The restart sparked large protests in Tokyo but Prime Minister Yoshihiko Noda urged support for the move, saying a return to nuclear power was essential for the economy.
The government is continuing to assess whether other nuclear plants are safe to be restarted.
A record radioactive contamination from last year’s Fukushima nuclear accident has been detected in Pacific Bluefin tuna caught off the coast of California.
Bluefin tuna would have picked up the pollution while swimming in Japanese waters, before then moving to the far side of the ocean.
Scientists stress that the fish are still perfectly safe to eat.
However, the case does illustrate how migratory species can carry pollution over vast distances, they say.
“It’s a lesson to us in how interconnected eco-regions can be, even when they may be separated by thousands of miles,” said Nicholas Fisher, a professor of marine sciences at Stony Brook University, New York.
Fisher and colleagues report their study in the journal Proceedings of the National Academy of Sciences.
A record radioactive contamination from last year's Fukushima nuclear accident has been detected in Pacific Bluefin tuna caught off the coast of California
They examined the muscle tissues of 15 Bluefin tuna (Thunnus orientalis) taken from waters off San Diego in August 2011, just a few months after the accident at the Fukushima Daiichi nuclear plant.
These were animals whose parents would have spawned in Japanese waters and spent one to two years locally before heading to feeding grounds in the eastern Pacific.
All the fish examined in the study showed elevated levels of radioactive caesium – the isotopes 134 and 137.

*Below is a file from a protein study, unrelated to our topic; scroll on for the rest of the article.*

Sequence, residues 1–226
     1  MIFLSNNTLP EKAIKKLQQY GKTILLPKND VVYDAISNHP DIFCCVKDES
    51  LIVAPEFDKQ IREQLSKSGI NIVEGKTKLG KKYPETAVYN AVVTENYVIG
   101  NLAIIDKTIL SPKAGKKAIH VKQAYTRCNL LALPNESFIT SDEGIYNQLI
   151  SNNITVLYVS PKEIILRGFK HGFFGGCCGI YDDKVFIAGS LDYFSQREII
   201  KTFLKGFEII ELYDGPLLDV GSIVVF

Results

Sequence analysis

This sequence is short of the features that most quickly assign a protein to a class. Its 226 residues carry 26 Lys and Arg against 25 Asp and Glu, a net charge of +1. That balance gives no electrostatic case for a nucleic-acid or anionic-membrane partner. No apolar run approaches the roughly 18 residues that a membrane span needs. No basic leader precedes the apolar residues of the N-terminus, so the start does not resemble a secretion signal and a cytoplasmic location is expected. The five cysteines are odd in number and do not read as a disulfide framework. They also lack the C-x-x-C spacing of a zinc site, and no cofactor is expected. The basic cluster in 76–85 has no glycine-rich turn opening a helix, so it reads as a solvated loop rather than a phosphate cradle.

Caesium-137 is present in seawater anyway as a result of the fallout from atomic weapons testing, but the short, two-year half-life of caesium-134 means the contamination can be tied directly to Fukushima. There is no other explanation for the isotope’s presence.
The measured concentrations were about 10 times the total caesium radioactivity seen in tuna specimens taken from before the accident.
As a control, the team also examined Yellowfin tuna, which are largely residential in the eastern Pacific.
These animals showed no difference in their pre- or post-Fukushima concentrations.
The research is likely to get attention because Bluefin tuna is an iconic species and a highly valuable fishery – thousands of tons are landed annually.
But consumers should have no health concerns about eating California-caught tuna from last year, the team says.
The levels of radioactivity are well within permitted limits, and below those from other radioisotopes that occur naturally in the environment, such as potassium-40.
“The potassium was about 30 times higher than the combined radio-caesium levels. If you calculate how much additional radioactivity there is in the Pacific Bluefin tuna caught in California relative to the natural background – it’s about 3%,” said Prof. Nicholas Fisher.